Eliza Noh, an assistant professor at California State University at Fullerton who has studied suicide rates among Asian-American women for much of her academic career, said that these pressures came up often during her interviews with Asian-American women.

“It’s something that wasn’t unique to any one generation,” said Noh, who interviewed women from first generation to fourth generation Asian-American women. For Noh, a second-generation Asian-American with a Korean and Vietnamese heritage, this is an issue that hits especially close to home, having lost a sister to suicide when she was in college.

“Even after all these years, it’s still a very painful topic to talk about,” she said.

Higher risk for Asian-Americans

Historically, statistics have suggested that Asian-American women are more susceptible to depression and suicide than virtually any other group in the US. While WHO studies have suggested that suicide rates in East Asian countries are among the highest in the world, the majority of suicides recorded by WHO are committed by men instead of women.

According to a study published last month by the University of Washington, Asian-American women contemplate suicide at higher rates than the general US population.

“Women have a lot of choices in the US, and sometimes having too many choices can lead to a great deal of conflict which can be reflected in suicide thoughts and attempts,” said Sue.

While it is still unclear why US-born Asian-American women are more prone to thinking about suicide, researchers suspect that it may be because immigrants tend to be more resilient and mentally healthier individuals. “Perhaps immigrants are just healthier people. They’re the ones that succeed and are more risk-taking,” said Sue. But not enough data was available to draw any real conclusions, she added.

Noh, however, also points to potential contradictions between this study and prior research, which showed that lower acculturation, which is most prevalent among first-generation immigrants, leads to higher risk of depression and suicide.

In her study, Noh also found that while many first- and second-generation Asian-American women are ambivalent or resistant to conventional methods such as therapy and medication, some have been able to find solace through alternative means such as faith, meditation, or support networks.

“There needs to be acknowledgement of the role traditional medicine plays, and the role of creating support groups for Asian-Americans – things that go beyond the traditional model because Asians don’t seek clinical care at high rates … we need to think of diverse and creative ways to do outreach and give therapy,” said Noh.

In a research seminar last year, Noh presented some of the findings from the interviews she conducted. One of the women surveyed, a 30-something Japanese-American woman, recalls the helplessness she felt as an Asian-American woman in depression. “… It’s hard enough to be empowered as an Asian-American woman. But to be an Asian-American woman who’s depressed, I felt I had no power whatsoever, no control,” she said.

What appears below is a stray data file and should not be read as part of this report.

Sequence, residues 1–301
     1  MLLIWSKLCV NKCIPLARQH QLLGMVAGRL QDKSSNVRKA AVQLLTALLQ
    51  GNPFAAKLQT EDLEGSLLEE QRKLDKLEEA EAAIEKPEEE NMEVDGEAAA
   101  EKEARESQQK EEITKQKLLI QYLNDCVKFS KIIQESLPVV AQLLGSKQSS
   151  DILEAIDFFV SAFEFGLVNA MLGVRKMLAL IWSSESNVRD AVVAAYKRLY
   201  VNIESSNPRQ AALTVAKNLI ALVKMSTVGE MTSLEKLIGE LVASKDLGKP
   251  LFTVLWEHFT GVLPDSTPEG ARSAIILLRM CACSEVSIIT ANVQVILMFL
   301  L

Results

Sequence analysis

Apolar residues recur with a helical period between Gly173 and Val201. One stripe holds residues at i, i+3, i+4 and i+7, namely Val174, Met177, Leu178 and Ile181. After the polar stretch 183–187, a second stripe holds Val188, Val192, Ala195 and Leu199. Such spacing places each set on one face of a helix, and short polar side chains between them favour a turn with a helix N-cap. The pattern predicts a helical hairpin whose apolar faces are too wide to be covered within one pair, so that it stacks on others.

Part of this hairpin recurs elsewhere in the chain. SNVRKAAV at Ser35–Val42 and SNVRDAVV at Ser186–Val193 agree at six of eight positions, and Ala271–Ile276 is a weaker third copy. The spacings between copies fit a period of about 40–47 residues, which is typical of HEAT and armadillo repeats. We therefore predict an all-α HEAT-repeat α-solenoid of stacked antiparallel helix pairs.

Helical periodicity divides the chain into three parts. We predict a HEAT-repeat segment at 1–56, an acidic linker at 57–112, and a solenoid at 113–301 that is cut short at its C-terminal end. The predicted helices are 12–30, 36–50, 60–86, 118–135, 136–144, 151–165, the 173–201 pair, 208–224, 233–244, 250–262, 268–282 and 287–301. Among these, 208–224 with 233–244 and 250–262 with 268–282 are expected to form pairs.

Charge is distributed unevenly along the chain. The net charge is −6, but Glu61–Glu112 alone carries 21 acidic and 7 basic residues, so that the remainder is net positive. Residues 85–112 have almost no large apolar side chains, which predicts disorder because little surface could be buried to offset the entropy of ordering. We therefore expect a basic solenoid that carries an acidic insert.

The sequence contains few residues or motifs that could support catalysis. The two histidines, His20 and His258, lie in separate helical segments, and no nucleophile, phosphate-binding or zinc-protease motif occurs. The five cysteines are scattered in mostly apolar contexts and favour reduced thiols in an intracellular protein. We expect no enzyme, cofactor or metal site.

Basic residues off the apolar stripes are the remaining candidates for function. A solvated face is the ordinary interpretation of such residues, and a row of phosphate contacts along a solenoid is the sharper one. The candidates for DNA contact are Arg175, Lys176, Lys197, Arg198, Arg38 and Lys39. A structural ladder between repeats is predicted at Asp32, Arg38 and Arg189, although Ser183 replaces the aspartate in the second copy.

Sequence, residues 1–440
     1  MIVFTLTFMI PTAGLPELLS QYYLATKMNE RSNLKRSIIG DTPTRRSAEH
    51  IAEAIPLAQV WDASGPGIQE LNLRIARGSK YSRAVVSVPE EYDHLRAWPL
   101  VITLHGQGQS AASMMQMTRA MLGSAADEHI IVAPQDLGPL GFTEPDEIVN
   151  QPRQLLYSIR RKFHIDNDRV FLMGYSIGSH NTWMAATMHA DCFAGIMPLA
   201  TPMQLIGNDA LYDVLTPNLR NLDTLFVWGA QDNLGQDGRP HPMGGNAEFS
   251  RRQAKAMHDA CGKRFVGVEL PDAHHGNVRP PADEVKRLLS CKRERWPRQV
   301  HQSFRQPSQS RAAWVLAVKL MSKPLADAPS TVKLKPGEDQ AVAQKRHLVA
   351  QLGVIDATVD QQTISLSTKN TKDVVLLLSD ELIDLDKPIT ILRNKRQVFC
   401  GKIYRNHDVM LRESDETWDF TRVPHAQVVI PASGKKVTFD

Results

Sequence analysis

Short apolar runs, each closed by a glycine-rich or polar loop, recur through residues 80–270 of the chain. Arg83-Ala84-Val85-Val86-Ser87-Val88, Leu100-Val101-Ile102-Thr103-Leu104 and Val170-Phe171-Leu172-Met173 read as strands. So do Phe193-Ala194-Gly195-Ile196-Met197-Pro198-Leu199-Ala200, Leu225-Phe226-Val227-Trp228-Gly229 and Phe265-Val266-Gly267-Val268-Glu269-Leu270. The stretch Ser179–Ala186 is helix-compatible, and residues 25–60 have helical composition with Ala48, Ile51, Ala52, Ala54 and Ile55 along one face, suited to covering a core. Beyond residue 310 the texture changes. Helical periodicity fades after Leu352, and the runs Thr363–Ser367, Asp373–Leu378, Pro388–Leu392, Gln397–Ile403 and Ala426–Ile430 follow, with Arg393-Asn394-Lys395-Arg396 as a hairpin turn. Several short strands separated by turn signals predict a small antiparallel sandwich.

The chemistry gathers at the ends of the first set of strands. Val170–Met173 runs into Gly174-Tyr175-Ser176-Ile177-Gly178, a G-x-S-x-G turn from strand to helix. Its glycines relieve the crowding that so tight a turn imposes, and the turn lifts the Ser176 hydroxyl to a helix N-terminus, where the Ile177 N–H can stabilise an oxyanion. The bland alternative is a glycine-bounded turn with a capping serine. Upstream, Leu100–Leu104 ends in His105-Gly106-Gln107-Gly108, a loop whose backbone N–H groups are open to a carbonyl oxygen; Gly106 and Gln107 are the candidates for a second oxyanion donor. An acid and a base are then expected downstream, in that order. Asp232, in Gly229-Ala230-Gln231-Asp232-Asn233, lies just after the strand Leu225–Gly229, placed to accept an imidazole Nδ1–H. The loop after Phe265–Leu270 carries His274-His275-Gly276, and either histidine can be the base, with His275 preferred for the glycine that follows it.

More research needed

Although a number of theories attempt to discover what leads to depression and suicide among Asian-Americans populations and generational groups, Sue, Noh, and Aileen Alfonso Duldulao, who led the University of Washington stduy, all agree that more research is needed.

As Asian-American studies continue to develop and garner additional interest, Sue said that researchers are only at the cusp of understanding behavior patterns among Asian-American communities.

It was the lack of research in this area that drove Noh and Duldulao to devote their academic careers to this field.

“When (suicide) happened to my family, I decided to do a little bit more research and when I did it, I realized there was nothing there,” said Noh. “At the time, it was focused primarily on suicide among white populations … there was virtually nothing on minorities.”

Dulduldao, who had worked extensively with low-income communities in Los Angeles and the Bay Area, also noticed the lack of data available during her work.

“Service providers, including myself, knew that suicidal behaviors were a problem among the Asian-American community,” she said. “But there was no empirical evidence to back up this claim.”

In addition to the need for added time and funding, Sue said “culture bound syndromes” that are not typically considered mental health issues are difficult to pinpoint. Sue points to a condition found among Chinese people called neurostemia where they have fatigue, somatic complaints and so on, “There’s no equivalent we have in the main association,” he said

In the meantime, researchers and those affected by suicide agree that one of the most important things is to raise awareness of this issue and to encourage discussion about it.

“I hope (my) study will serve as a wake-up call that we need to do something about this issue in our community,” said Dulduldao. “Because our second-generation and subsequent generations are severely at risk.” (China Daily)